The leukocyte integrins (CD11/CD18 or beta 2-type integrins) are expressed exclusively on leukocytes and participate in many adhesion-dependent functions (Arnaout, M.A. 1990. Blood. 75:1037-1050; Springer, T. A. 1990. Nature. (Lond.) 346:425-434; Dustin, M. L., and T. S. Springer. 1991. Annu. Rev. Immunol. 9:27-66). The avidity of leukocyte integrin binding to their ligands or counter-receptors is dependent upon response to intracellular signals (Wright, S. D., and B. C. Meyer. 1986. J. Immunol. 136:1759-1764; Dustin, M. A., and T. S. Springer. 1989. Nature (Lond.). 341:619-624). We have investigated the effects of a novel mAb (mAb 24) which defines a leukocyte integrin alpha subunit epitope that is Mg(2+)-dependent and may be used as a "reporter" of the activation state of these receptors (Dransfield, I., and N. Hogg. 1989. EMBO (Eur. Mol. Biol. Organ) J. 8:3759-3765; Dransfield, I., A.-M. Buckle, and N. Hogg. 1990. Immunol. Rev. 114:29-44; Dransfield, I., C. Cabañas, A. Craig, and N. Hogg. 1992. J. Cell Biol.) Data is presented to show that this mAb inhibits monocyte-dependent, antigen-specific T cell proliferation and IL-2-activated natural killer cell assays which are both dependent on lymphocyte function-associated antigen-1 (LFA-1), and complement receptor type 3 (CR3)-mediated neutrophil chemotaxis to f-Met-Leu-Phe. This inhibitory effect is not caused by the prevention of receptor/ligand binding because LFA-1/ICAM-1, LFA-1/ICAM-2,3 and CR3/iC3b interactions are, under activating conditions, promoted rather than blocked by mAb 24. As it does not interfere with mitogen-stimulated T cell proliferation, it is unlikely that mAb 24 transduces a "negative" or antiproliferative signal to the T cells to which it is bound. Using a model system of transient activation of LFA-1, we have found that mAb 24 prevents "deadhesion" of receptor/ligand pairs, possibly locking leukocyte integrins in an "active" conformation. It is speculated that inhibition of leukocyte integrin function by this mAb reflects the necessity for dynamic leukocyte integrin/ligand interactions.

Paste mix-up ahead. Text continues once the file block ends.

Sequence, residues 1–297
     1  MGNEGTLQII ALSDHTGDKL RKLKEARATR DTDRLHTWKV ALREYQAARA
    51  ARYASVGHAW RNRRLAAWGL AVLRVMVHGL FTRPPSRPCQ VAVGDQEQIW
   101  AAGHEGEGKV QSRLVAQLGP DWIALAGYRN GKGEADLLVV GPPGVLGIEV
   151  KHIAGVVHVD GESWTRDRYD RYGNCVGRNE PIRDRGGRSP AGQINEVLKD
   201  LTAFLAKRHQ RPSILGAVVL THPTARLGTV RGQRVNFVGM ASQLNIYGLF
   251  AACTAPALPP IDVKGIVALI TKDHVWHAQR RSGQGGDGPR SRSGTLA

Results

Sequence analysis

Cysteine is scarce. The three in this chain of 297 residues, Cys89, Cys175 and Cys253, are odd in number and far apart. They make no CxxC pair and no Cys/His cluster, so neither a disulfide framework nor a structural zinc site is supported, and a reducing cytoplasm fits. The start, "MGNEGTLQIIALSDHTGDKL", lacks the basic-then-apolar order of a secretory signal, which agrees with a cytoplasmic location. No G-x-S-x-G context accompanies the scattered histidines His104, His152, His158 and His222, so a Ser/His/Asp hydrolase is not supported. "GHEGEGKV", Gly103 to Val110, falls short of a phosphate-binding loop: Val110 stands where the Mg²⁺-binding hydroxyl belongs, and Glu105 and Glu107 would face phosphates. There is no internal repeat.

The integrin lymphocyte function-associated antigen-1 (LFA-1) expressed on T cells serves as a useful model for analysis of leukocyte integrin functional activity. We have assessed the role of divalent cations Mg2+, Ca2+, and Mn2+ in LFA-1 binding to ligand intercellular adhesion molecule-1 (ICAM-1) and induction of the divalent cation-dependent epitope recognized by mAb 24. Manganese strongly promoted both expression of the 24 epitope and T cell binding to ICAM-1 via LFA-1, suggesting that Mn2+ is able to directly alter the conformation of LFA-1 in a manner that favors ligand binding. Since Mn2+ also promotes functional activity of other integrins, parallels in mechanism of ligand binding may span the integrin family. In contrast, induction of 24 epitope expression by Mg2+ required removal of Ca2+ from T cell LFA-1 with EGTA. Furthermore, binding of mAb 24 to T cell LFA-1 in the presence of either Mn2+ or Mg2+ was found to be specifically inhibited by Ca2+, suggestive of a negative regulatory role for Ca2+ in the control of leukocyte integrin function. Analysis of T cell binding to ICAM-1 via LFA-1 in the presence of Mg2+ or Mn2+, confirmed that Ca2+ exerted inhibitory effects upon LFA-1 function. The implication of our findings is that Ca2+ bound with relatively high affinity to LFA-1 may serve to maintain an inactive state. Thus induction of function and 24 epitope expression may occur as a result of displacement of Ca2+ from leukocyte integrins or alternatively, such activators may be able to impose the required conformational change in the presence of bound Ca2+.